If you have a child with a hearing disability, then your son or daughter's audiologist may suggest a hearing aid. Hearing aids can assist your child substantially and allow them to hear normally. However, if your child is prone to ear infections, then you may need to work diligently to make sure that these infections are kept at bay. Keep reading to learn how to do this effectively:
Disinfect The Hearing Aids Daily
Some individuals will simply wipe off their hearing aids with a clean cotton cloth. While this can remove some of the ear wax and debris, it will not remove or destroy the microorganisms that have clung to the aid. Both bacteria and fungi can develop colonies on the aids, and the microorganisms can come into contact with the aids from the internal and external environment. Both of these microorganisms can cause infections, and the dark and moist environment inside the ears can encourage growth.
You can reduce infections by cleaning the aids every day with disinfectants. You can use either a disinfecting wipe or a spray with a clean cloth.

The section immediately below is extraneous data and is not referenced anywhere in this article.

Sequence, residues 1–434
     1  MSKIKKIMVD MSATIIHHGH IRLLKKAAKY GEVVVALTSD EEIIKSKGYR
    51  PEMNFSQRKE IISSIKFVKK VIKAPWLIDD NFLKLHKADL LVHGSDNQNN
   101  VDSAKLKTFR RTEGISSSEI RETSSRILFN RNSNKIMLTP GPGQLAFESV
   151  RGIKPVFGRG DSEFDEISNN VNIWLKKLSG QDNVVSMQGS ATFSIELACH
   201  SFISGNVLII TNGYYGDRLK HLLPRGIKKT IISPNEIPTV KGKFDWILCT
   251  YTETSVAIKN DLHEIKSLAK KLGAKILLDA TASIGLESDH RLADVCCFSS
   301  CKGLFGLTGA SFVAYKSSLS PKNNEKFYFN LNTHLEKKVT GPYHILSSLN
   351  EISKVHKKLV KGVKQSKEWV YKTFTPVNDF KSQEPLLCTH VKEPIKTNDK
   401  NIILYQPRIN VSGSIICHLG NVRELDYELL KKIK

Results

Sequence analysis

Keep in mind that you will need to use a non-alcohol based cleaner since the alcohol can damage the surface of the hearing aid and make it rough or coarse. Ask your audiologist about the best product to use with your child's hearing aids.
Clear Out The Vents
While the majority of the disinfection should occur along the exterior of the aid, you will need to use special tools to clear debris from small openings, like vents, along the aid surface. These vents breed debris that can spread to the ear canal and cause an infection to develop. Also, when the vents accumulate with debris, this makes it difficult for air to flow freely through the hearing aid. Airflow can reduce bacterial activity by minimizing the heat that becomes trapped within the ear.
Cleaning out the vents around your hearing aid requires the use of a vent cleaning brush. This brush is a thin, pipe cleaner type device that can be inserted directly into each vent to force out the ear wax and debris.
Your vent cleaning schedule will depend on the location of the vents and how much ear wax your child's ears produce. You should check the vents and clean them about once a week. When your child first starts wearing the aids, then twice a week cleaning may be necessary. The ears will produce more wax as it detects the hearing aid and tries to deal with the irritating device.